The Phoenix Islands in the South Pacific are utterly isolated, unsettled, and only recently studied. When scientists arrived there around the turn of the millennium, they were amazed to find a nearly intact & undamaged coral reef system. At the time, the Micronesian nation of Kiribati, which controls the territory, leased the reef and islands to Japanese fishermen, but some clever fund-raising and negotiating ended up declaring the entire area (roughly the size of California) a World Heritage Site and off-limits to fishing.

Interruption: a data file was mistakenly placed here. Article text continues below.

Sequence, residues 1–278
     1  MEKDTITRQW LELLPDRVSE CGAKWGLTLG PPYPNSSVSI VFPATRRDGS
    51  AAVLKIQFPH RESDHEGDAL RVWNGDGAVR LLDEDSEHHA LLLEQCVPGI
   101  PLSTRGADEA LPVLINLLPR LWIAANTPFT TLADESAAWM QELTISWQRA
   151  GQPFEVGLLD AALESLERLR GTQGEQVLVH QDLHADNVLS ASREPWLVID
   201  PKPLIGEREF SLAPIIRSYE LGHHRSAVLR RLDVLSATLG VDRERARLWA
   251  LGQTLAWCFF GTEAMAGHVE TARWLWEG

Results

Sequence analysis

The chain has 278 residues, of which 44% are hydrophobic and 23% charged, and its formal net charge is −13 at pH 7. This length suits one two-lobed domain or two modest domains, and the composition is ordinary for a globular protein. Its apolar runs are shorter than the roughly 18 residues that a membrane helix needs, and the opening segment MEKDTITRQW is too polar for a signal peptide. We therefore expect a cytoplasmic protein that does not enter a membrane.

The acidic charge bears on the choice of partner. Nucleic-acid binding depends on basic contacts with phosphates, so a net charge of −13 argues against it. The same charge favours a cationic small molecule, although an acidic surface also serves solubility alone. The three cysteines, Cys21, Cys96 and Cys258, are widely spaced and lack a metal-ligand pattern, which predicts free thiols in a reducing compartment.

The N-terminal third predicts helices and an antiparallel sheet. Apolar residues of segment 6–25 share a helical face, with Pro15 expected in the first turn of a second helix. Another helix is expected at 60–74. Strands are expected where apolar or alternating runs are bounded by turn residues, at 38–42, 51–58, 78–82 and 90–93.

Despite that, the coral was nearly wiped out by the hotter-than-usual El Nino of 2002-03, which raised the ocean temp by nearly a full degree Centigrade for six months.
The great news — really the best oceanic news I’ve heard in some time — is that the coral has come back. Usually dead coral gets smothered by green algae, but the Phoenix islands’ dense population of Pacific steelhead parrot fish ate the new algae, enabling new pink coralline to form a substrate for coral regeneration.
It’s all about the fish…
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